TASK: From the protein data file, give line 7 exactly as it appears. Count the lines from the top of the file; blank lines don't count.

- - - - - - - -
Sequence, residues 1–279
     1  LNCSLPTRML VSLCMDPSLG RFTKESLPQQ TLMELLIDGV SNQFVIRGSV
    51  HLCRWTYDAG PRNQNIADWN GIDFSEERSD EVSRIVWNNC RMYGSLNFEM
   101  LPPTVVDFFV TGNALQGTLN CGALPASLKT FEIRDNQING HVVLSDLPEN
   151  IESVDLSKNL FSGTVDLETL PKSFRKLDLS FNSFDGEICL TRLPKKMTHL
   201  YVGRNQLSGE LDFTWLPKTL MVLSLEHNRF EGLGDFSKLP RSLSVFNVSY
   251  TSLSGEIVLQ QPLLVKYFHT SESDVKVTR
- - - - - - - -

   251  TSLSGEIVLQ QPLLVKYFHT SESDVKVTR